Part of the proceedings of the Botswana Democratic Party congress for the Francistown region which was held at Shashe-Mooke on Saturday had to be called off that evening due to a downpour.
The region, made up of Tonota, Francistown West, Francistown East, Francistown South and Tati East constituencies, had met to elect a new committee, make resolutions for the forthcoming party national congress and appoint delegates to the congress. The gathering only spent time commenting on the chairman’s remarks, reports from the five constituencies and resolutions from the Francistown East constituency. The ‘African time’ syndrome, it would appear, turned out to be the biggest enemy. Scheduled to start at 8.30 am, the congress, inexplicably, did not start until after noon.
By the time it rained, which was at around 5 pm, it had become clear that there would be no elections because there was no electricity at the venue. To complete the programme, the region will meet on Saturday 7th March at a venue to be announced. Elected in November 2012, the outgoing committee, according to its chairman, Ford Moiteela, failed to hold a congress in 2014 because of the busy campaign schedule for the elections that year. “Firstly, there were primary elections to run, conflicts to resolve before the general elections themselves,” he reported. According to Moiteela, there were 41 primary election complaints from the Francistown region alone. He said that his committee held workshops for those disgruntled with the primary election outcomes.
“We were partly successful in our reconciliation efforts but in some cases, as you know, disgruntled primary election losers stood as independent candidates. Others have simply disappeared and do not take part in party activities. We tried to be as proactive as possible in conflict resolution. For example, instead of waiting for a conflict to flare up, we sometimes took the first step. I call upon the local structures to approach these people with the view to bringing them on board. The challenge is that, if you do not do that, you will have no reference on the basis of which to veto them out of the primary election process for the 2019 general elections.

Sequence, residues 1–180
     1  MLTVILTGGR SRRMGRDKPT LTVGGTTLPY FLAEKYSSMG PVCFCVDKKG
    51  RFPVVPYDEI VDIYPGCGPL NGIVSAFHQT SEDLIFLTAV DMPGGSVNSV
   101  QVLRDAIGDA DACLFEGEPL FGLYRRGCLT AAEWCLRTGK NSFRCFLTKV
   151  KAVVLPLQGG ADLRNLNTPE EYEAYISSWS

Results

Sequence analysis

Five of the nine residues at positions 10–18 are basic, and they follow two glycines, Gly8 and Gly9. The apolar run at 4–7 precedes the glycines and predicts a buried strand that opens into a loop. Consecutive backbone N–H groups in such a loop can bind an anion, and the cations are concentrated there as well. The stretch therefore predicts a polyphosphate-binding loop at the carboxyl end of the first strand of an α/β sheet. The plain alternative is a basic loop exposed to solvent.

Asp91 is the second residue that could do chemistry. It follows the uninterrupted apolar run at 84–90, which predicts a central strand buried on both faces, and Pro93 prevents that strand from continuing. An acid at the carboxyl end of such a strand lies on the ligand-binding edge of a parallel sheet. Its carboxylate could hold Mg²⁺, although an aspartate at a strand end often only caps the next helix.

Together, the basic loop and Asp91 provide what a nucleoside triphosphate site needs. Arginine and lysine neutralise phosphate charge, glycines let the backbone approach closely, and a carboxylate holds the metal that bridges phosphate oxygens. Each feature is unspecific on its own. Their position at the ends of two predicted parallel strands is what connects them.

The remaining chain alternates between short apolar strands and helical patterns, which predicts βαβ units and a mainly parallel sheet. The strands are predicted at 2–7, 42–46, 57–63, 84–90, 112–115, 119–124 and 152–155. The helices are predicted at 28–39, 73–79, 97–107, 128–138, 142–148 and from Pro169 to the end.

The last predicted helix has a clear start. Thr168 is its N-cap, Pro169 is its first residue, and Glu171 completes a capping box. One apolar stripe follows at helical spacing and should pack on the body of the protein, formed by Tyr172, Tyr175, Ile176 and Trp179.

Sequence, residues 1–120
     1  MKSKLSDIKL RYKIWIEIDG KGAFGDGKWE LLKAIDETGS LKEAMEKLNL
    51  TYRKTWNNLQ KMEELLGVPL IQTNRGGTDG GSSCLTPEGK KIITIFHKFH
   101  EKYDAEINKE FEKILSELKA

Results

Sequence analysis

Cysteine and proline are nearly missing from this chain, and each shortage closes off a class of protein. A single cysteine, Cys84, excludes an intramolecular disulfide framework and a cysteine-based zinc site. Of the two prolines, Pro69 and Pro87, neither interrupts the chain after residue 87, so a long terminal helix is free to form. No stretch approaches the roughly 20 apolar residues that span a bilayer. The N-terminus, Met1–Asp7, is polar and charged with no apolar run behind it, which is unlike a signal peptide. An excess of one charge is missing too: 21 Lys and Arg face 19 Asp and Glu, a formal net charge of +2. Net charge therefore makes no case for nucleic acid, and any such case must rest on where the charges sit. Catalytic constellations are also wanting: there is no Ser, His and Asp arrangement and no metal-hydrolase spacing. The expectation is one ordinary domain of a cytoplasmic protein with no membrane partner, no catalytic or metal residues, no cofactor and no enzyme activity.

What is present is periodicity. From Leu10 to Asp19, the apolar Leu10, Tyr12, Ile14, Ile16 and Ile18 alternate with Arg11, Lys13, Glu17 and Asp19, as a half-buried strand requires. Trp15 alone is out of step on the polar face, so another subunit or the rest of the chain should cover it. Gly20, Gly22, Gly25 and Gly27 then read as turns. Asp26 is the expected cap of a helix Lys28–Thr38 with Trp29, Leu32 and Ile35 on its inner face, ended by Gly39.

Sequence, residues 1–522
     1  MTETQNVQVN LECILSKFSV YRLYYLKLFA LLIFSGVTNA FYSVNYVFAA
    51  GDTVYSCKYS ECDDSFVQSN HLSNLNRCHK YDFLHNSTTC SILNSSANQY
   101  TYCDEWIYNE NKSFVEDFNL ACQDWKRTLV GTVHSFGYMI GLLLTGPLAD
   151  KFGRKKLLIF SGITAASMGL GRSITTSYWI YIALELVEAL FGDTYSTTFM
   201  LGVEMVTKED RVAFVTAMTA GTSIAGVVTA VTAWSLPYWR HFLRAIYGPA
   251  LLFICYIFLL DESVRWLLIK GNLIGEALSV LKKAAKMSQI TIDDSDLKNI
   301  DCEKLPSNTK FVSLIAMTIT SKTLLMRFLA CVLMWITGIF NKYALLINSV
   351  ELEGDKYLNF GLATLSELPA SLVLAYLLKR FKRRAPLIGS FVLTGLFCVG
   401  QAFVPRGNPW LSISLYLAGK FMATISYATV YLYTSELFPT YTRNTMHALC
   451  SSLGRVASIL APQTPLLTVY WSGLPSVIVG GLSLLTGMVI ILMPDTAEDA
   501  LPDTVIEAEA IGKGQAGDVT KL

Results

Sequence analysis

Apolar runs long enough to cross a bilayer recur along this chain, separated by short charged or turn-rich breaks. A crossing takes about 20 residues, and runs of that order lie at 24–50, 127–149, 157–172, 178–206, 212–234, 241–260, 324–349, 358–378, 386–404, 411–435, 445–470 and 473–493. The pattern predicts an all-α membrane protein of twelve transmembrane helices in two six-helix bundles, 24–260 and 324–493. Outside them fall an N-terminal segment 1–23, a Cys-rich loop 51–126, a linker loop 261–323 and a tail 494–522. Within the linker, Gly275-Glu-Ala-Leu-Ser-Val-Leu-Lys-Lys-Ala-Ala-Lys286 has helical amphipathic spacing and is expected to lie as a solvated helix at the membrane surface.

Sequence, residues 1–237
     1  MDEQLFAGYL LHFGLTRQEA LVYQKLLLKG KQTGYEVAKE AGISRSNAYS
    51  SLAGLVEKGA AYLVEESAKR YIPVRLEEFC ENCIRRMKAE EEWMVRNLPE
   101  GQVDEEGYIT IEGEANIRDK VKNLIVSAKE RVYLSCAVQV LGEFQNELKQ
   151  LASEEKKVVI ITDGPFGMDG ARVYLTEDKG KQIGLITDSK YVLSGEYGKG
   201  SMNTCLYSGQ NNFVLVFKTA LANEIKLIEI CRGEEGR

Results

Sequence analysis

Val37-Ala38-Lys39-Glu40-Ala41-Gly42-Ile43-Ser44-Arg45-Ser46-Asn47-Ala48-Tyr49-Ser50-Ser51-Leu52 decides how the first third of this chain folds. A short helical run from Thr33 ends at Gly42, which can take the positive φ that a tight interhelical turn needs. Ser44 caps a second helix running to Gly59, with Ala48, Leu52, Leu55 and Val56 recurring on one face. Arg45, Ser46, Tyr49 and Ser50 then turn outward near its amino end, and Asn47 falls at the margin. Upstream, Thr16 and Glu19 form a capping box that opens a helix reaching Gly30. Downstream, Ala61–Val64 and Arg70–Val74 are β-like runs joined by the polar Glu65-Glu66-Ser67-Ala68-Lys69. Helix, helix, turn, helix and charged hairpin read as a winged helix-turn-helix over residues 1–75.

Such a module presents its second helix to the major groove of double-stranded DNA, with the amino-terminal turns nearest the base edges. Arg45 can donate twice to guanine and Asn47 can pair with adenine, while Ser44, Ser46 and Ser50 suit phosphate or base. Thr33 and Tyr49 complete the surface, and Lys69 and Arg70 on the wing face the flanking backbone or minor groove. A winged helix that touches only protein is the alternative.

Write them invitation letters to party events and assignments,” he advised. An elated Moiteela reported that, of the five constituencies, the BDP won four with only one constituency in the region going to the opposition. “With respect to the wards, we won 31 out of the possible 38 wards. I am not ashamed to say we did our best in the rather difficult circumstances,” boasted the outgoing chairman who is defending his seat. Despite the achievements, Moiteela noted that, there were several challenges in the region such as the fact that party structures are not functioning. This, he said, has made it difficult for the party to have continuous political activities even after the general elections. “With their victory celebrations, the opposition has been more visible than us. The other one of our challenges is the fact that, the primary elections caused bad blood among us. We are still not united months after the primaries,” lamented Moiteela who added that, in some cases, the primary elections were not conducted properly hence the disgruntlement.
Seeming to differ with the party leadership on those who defied the party after the disputatious primary elections and stood as independent candidates, he insisted that, the BDP needs its disgruntled members back. “Politics is about numbers. If you look at the numbers some of them got as independent candidates, you will realise that, an attempt to sideline or ignore them will not benefit us in any way,” maintained Moiteela who underscored the need for BDP members to speak freely. “In the past, our conferences and congresses were held in July during the long weekend. This provided us with ample time to deliberate on issues. If we do not address issues, we will not be able to solve them and if we do not provide forums for discussion, people will discuss party matters everywhere,” said Moiteela. He said BDP congresses should deliberate on national issues such as shortage of land and unemployment. He feels the BDP might have alienated a lot of voters by failing to deliberate on these issues.
The outgoing chairman also called for a meaningful contact between cabinet Ministers and the party. Moiteela is content that his region is playing prominent roles in the bye-elections, for example, at Mokoboxane, Orapa and Letlhakane. In contrast to Moiteela’s view on disgruntled BDP members who contested as independent candidates, the BDP President, Ian Khama, has vowed never to welcome them back into the BDP. Regarding internal party debates, Khama is on record complaining that party members discussed internal party matters on facebook.